WASHINGTON – Medication mistakes injure more than 1.5 million Americans every year, a toll too often unrecognized and unfought, says a call to action.
At least a quarter of the errors are preventable, the Institute of Medicine said Thursday. The report calls for major steps by the government, health providers and patients.
Topping the list: All prescriptions should be written electronically by 2010, a move one specialist called as crucial to safe care as X-ray machines.
Perhaps the report’s most stunning finding was that, on average, a hospitalized patient is subject to at least one medication error per day.
A serious drug error can add more than $8,750 to the hospital bill of a single patient. Assuming that hospitals commit 400,000 preventable drug errors each year, that’s $3.5 billion – not counting lost productivity and other costs – from hospitals alone, the report concluded.
“I’m a patient-safety researcher (yet) I was surprised and shocked at just how common and how serious a problem this is,” said Dr. Albert Wu of Johns Hopkins University, who co-authored Thursday’s report.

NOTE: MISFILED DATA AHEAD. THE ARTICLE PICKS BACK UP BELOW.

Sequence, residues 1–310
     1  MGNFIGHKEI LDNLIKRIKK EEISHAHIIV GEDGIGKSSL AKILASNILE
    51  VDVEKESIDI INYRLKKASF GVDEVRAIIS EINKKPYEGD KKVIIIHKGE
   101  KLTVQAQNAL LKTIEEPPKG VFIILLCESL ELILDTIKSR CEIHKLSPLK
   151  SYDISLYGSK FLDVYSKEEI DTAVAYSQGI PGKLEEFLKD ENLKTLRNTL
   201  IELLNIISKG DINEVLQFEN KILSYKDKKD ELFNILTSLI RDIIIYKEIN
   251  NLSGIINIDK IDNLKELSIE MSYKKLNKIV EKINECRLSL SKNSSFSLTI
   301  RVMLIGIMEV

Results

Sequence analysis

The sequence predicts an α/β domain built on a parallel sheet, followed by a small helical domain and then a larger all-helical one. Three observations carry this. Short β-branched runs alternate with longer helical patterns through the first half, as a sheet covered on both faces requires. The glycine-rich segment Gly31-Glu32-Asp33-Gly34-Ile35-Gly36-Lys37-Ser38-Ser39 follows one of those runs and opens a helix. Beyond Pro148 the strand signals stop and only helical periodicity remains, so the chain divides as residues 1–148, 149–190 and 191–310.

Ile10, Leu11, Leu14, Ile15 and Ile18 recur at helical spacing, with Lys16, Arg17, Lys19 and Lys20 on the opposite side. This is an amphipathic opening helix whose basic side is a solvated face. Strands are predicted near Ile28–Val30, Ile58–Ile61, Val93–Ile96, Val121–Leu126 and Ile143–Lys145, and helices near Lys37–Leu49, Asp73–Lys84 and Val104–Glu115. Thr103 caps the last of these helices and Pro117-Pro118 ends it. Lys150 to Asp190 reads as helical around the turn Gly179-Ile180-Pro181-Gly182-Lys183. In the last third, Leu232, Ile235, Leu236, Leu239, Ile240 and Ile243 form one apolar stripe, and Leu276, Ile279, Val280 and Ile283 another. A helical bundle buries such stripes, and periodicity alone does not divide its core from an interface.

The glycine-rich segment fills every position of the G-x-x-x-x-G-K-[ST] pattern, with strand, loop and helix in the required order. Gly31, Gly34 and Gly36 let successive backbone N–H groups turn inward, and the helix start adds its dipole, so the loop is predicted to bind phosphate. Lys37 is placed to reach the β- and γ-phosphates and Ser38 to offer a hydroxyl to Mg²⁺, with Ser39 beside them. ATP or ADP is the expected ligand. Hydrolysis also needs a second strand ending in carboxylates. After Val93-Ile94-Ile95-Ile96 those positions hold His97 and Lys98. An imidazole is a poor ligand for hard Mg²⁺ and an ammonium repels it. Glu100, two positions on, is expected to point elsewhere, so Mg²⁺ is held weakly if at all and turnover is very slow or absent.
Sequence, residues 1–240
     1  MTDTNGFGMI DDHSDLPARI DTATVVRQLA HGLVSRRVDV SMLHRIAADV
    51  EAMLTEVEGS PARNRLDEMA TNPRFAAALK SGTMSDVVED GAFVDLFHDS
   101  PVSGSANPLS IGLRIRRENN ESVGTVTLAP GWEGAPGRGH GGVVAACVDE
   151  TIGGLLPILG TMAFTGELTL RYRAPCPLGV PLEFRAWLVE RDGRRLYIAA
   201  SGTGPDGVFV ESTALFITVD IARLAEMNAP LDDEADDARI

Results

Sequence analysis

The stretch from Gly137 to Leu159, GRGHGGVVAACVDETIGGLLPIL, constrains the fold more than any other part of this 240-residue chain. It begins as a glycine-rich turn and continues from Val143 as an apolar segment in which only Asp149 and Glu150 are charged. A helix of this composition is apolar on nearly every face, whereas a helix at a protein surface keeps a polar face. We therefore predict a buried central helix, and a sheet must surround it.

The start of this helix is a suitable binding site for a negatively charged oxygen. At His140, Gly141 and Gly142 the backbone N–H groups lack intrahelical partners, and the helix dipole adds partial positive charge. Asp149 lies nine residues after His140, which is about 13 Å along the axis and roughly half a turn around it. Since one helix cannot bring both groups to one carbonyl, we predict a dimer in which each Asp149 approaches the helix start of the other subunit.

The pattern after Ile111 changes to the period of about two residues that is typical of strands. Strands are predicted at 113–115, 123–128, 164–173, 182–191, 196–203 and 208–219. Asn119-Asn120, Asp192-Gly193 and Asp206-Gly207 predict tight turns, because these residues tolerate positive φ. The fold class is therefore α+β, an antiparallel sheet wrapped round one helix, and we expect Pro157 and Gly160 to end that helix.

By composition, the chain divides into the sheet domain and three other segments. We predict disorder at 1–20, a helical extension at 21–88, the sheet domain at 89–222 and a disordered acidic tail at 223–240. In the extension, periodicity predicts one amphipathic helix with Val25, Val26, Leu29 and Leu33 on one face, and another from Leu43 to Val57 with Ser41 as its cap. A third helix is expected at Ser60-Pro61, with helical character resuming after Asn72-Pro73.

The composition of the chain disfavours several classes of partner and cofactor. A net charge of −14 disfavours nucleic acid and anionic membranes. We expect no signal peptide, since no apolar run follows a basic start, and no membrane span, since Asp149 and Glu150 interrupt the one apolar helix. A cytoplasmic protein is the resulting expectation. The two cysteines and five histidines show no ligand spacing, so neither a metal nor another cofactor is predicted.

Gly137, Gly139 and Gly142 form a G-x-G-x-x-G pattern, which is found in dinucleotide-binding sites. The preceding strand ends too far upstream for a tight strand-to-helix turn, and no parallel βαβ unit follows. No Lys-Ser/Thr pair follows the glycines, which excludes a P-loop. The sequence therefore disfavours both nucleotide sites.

Worse, there’s too little incentive for health providers to invest in technology that could prevent some errors today, added Dr. J. Lyle Bootman, the University of Arizona’s pharmacy dean, who co-chaired the IOM probe.
The new probe couldn’t say how many of the injuries are serious or how many victims die. A 1999 estimate put deaths, conservatively, at 7,000 a year.
Even the total injury estimate is conservative, Bootman stressed. It includes drug errors in hospitals, nursing homes and among Medicare outpatients, but it doesn’t attempt to count mix-ups in most doctors’ offices or by patients themselves.
The new report highlights how the nation’s fragmented health care system is conducive to drug errors, said Dr. Donald Berwick, a Harvard professor who heads the nonprofit Institute for Healthcare Improvement.
Medications’ sheer volume and complexity illustrate the difficulty. There are more than 10,000 prescription drugs on the market, and 300,000 over-the-counter products. It’s impossible to memorize their different usage and dosage instructions.
Plus, four of every five U.S. adults take at least one medication or dietary supplement every day; almost a third take at least five. The more you use, the greater your risk of bad interactions.